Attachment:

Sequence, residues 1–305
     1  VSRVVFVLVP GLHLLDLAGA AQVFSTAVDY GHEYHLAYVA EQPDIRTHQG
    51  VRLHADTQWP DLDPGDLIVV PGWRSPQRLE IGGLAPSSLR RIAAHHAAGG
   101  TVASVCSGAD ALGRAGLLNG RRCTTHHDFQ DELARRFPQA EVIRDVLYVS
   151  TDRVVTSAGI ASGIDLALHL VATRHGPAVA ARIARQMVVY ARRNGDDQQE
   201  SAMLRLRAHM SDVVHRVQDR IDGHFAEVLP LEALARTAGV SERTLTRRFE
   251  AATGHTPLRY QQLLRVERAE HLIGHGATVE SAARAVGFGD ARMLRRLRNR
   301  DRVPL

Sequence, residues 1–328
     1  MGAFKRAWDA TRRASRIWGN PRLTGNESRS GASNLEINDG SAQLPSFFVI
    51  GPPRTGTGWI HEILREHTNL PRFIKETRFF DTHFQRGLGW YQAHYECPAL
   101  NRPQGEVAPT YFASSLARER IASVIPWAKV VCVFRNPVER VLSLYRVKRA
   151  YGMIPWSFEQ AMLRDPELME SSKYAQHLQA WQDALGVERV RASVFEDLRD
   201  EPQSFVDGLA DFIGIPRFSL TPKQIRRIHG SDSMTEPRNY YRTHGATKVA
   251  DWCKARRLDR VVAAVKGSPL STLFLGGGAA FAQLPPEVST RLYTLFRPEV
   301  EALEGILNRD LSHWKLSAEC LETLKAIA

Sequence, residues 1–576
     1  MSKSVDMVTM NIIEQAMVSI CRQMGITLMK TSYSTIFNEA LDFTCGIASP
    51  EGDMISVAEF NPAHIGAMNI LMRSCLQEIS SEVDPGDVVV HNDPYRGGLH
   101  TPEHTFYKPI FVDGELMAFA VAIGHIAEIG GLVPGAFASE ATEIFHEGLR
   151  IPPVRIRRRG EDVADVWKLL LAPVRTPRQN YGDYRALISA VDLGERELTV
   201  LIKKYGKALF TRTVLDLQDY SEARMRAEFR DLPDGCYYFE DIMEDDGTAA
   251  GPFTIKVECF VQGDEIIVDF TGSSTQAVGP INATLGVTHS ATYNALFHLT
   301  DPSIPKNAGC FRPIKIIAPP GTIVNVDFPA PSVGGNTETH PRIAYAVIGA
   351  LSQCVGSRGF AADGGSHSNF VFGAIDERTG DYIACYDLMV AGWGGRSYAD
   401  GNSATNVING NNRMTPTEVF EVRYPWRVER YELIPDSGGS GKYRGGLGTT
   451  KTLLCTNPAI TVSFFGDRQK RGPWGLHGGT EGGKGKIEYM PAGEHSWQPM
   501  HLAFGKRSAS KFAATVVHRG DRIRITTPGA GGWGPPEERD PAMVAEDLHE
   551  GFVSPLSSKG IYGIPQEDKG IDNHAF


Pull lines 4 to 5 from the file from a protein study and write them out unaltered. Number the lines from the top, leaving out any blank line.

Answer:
   101  TVASVCSGAD ALGRAGLLNG RRCTTHHDFQ DELARRFPQA EVIRDVLYVS
   151  TDRVVTSAGI ASGIDLALHL VATRHGPAVA ARIARQMVVY ARRNGDDQQE